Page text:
Publication Date

Fall 2019


American Bankruptcy Law Journal


"Mere conduit" is a legal fiction in fraudulent transfer and other avoidance cases. This article argues that the legal fiction is misleading, unnecessary and rendered obsolete by the Supreme Court's recent opinion in Merit Management Group v. FTI Consulting, Inc. (2018). The article further contends that a huge majority of leading cases confound fraudulent transfer law with the law of corporate theft. This error leads to depriving financial intermediaries of their opportunity to avoid liability on the ground of being bona fide transferees for value. Finally, courts often mistake banks as initial transferees of fraudulent transfers (absolutely liable in spite of good faith and value) when they are really transferees of the initial transferee (entitled to the good faith transferee for value defense). Courts paper over this error on an ad hoc basis by announcing that banks are mere conduits. Special scorn is reserved for Bonded Financial Services v. European American Bank (7th Cir. 1987), the leading case on "mere conduit," which will be revealed as contradictory. Bonded has led directly to the astonishing declaration in Meoli v. Huntington National Bank (6th Cir. 2017) that bad faith banks which service Ponzi schemes are innocent of liability for fraudulent transfers since they are "mere conduits." The goal of this article is to retire "mere conduit" from the lexicon forever.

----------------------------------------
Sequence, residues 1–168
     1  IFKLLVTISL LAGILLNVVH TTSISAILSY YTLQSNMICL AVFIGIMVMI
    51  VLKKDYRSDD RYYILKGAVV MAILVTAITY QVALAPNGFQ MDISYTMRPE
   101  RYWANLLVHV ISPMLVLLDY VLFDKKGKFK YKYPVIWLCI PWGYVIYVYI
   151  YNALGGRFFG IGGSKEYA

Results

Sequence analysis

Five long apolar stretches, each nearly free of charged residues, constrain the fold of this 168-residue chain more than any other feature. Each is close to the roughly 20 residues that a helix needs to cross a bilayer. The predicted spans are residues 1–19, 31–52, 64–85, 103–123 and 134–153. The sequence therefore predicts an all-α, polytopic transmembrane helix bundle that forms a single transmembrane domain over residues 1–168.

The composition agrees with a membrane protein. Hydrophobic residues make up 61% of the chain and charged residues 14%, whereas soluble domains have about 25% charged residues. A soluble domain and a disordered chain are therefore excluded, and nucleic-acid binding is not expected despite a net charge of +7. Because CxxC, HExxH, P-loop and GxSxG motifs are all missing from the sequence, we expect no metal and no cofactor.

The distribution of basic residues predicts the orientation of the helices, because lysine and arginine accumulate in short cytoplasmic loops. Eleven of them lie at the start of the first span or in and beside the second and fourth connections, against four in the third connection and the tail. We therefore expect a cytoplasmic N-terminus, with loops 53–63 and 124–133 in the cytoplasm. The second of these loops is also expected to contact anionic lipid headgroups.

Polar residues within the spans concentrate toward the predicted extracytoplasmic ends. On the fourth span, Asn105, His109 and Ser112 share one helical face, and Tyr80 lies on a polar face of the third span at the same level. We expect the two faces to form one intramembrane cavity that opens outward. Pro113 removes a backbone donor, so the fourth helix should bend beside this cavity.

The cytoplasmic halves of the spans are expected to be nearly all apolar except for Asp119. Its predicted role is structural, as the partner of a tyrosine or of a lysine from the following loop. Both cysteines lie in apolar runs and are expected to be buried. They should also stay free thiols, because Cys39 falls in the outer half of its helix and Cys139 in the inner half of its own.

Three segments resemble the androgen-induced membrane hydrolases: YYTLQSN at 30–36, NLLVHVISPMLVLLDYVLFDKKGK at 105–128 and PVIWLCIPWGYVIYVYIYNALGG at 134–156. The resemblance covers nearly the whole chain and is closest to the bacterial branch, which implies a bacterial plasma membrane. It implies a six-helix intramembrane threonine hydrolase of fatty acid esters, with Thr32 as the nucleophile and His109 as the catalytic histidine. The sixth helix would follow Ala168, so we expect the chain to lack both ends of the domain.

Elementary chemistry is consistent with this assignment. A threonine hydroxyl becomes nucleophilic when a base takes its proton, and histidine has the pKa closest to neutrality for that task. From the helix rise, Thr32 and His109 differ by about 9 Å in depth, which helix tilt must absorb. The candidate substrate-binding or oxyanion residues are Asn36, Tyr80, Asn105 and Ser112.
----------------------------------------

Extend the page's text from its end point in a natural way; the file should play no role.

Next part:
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National Conference of Bankruptcy Judges


conduit, fraudulent transfer, fraudulent conveyance, conversion, deposit accounts, banking, bankruptcy, Ponzi schemes


Bankruptcy Law | Contracts | Education Law | Law



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